I'll leave you with this last thought, and then it's radio silence until late next week...

"Turn up the music, turn it up loud, take a few chances, let it all out, 'cuz you won't regret it, looking back from where you have been, 'cuz it's not who you knew, and it's not what you did, it's how you lived...." -Point of Grace, "How You Live" (look for it on iTunes - it's a MUST LISTEN!!!!)

OK, just kidding, one final thought: I'd love for you all to comment on my blog, and hope you haven't been having trouble! From my good friend Sonja, who set up this blog: "if you want to comment and you are having trouble, you can choose Name/URL in the comment drop down box, type your name, leave the URL blank, and then type your comment."

Love you all!
Amy, Brian, Drew and Ty

The Pink Ribbon Chronicles are going virtual, baby!

Since my diagnosis on July 30, I have been e-mailing updates to friends and family to communicate information and share my story. My "Pink Ribbon Chronicles" has been a great way to keep everyone informed and I've loved the responses I've gotten - they have often pulled me through when I needed it. A good friend of mine, Sonja (pictured here with me after she shaved her head with me on Friday night, then proceeded to WIN Race for the Cure on Sunday, racing for me!) suggested that I create a blog that would not only allow me to share information, but photos and other goodies as well, and I loved the idea but didn't know exactly how to go about it. Well, thanks to Sonja, (a blogger herself - check out www.gosonja.com) The Pink Ribbon Chronicles are going virtual!!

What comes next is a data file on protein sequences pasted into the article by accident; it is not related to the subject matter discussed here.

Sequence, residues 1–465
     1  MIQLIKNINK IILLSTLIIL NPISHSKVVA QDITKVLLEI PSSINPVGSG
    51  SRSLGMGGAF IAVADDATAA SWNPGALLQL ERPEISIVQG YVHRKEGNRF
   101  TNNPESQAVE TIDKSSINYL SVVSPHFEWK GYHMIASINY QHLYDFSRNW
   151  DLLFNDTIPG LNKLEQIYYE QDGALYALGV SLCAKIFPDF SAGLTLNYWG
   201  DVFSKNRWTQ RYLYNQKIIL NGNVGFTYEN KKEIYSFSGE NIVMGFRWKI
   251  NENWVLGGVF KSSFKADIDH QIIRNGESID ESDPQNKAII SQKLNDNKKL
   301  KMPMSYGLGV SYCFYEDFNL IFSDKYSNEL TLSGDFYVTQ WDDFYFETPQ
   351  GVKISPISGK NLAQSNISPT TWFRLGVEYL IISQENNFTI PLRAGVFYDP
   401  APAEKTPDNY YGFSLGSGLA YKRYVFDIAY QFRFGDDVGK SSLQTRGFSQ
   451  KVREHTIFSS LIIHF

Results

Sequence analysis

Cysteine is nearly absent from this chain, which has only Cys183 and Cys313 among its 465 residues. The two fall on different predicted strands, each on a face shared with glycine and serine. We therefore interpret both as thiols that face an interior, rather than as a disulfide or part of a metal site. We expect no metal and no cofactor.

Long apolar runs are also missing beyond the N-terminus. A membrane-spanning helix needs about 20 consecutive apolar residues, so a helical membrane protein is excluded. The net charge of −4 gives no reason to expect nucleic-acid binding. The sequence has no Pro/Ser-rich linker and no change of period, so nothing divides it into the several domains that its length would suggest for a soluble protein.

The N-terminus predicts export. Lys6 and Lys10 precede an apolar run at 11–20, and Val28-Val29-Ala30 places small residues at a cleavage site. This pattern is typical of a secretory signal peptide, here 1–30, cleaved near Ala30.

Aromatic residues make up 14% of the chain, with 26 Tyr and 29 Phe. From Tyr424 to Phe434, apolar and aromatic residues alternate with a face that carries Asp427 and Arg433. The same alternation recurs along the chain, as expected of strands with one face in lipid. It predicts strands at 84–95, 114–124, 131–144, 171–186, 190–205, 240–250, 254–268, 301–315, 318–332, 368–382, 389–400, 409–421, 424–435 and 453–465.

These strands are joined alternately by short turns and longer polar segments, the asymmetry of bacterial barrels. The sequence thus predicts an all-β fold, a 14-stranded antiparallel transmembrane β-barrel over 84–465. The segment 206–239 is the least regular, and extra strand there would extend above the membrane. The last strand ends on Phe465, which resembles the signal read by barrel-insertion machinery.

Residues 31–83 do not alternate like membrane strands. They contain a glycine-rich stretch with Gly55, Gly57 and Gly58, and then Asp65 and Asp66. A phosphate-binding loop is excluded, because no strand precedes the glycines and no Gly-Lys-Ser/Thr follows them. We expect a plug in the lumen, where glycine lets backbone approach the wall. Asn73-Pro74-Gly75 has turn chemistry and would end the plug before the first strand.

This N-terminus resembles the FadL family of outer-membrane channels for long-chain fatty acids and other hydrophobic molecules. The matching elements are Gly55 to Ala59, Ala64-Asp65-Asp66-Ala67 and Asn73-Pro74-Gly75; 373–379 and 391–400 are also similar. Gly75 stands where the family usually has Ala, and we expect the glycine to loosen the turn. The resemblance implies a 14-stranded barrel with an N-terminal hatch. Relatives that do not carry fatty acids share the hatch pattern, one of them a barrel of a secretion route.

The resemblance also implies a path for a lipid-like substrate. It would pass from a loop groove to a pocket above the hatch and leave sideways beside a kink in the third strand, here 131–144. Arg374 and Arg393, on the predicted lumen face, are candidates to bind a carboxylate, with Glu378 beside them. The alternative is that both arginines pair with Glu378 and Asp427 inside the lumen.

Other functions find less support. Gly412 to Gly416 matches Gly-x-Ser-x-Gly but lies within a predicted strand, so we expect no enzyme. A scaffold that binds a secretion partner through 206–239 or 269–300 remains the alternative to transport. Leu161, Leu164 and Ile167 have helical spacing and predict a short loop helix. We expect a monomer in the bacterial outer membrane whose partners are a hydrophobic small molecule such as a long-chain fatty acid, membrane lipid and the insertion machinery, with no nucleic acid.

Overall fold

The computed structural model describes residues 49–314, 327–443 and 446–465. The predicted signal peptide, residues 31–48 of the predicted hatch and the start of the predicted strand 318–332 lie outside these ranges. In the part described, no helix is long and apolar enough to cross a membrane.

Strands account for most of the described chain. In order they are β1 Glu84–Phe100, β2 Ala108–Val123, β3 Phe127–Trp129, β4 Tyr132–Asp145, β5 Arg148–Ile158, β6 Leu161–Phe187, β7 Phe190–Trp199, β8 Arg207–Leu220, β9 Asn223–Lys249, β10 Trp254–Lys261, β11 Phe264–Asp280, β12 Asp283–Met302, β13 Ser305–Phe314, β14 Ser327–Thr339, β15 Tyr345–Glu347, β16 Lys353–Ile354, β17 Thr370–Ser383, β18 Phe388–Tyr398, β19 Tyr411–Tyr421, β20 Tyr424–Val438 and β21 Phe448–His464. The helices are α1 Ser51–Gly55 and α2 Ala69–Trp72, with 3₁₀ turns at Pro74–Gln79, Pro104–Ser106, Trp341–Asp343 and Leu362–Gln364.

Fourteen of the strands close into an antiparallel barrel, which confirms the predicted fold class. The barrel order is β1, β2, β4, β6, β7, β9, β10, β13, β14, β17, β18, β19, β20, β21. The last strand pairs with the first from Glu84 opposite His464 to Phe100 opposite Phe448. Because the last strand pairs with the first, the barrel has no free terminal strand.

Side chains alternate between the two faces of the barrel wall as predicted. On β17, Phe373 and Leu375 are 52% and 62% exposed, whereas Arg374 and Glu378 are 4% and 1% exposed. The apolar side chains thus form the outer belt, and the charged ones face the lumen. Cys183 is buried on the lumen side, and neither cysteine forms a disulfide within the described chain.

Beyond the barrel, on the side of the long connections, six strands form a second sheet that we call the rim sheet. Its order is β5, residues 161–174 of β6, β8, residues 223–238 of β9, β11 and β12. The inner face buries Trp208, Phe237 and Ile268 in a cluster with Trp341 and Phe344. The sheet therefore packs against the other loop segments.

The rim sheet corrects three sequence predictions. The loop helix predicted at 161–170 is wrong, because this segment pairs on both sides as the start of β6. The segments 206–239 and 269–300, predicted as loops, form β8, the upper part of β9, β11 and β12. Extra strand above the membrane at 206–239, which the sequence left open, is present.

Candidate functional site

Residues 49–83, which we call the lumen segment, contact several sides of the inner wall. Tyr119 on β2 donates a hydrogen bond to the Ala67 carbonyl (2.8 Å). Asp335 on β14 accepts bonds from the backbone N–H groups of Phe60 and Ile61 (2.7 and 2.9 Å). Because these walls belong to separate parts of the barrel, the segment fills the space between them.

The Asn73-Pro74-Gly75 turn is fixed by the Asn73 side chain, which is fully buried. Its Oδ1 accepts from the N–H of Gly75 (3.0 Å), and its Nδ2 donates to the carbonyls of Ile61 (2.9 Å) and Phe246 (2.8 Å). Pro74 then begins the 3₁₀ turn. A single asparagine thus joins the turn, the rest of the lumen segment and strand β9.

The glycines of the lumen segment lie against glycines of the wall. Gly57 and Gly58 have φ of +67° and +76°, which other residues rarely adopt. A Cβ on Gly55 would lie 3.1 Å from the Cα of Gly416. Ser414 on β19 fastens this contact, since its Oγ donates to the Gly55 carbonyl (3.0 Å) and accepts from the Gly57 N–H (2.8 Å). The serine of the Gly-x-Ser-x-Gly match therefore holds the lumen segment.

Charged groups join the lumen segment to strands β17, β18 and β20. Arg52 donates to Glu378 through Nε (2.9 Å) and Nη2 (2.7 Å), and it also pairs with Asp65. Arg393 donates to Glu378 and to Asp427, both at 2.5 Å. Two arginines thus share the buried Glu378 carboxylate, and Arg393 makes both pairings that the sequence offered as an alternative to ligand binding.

I will now be using this format instead of e-mail updates to communicate, which is very exciting. I'll be able to share information more efficiently, add tons of photos, and blog about things in a more casual way, all the while knowing that you all will still get the info you need!! I'm still getting the hang of this, but I'm pretty sure you can subscribe to my blog, so you can find out when I've updated it, or just check back as often as you'd like. I'll be figuring it out right along with you...

Thanks to Son for making me a "blogger" (yikes!) - I already know I'm going to get addicted! Stay tuned for more adventures...

Love, Amy

Fancy Nancy is in the house - watch out world!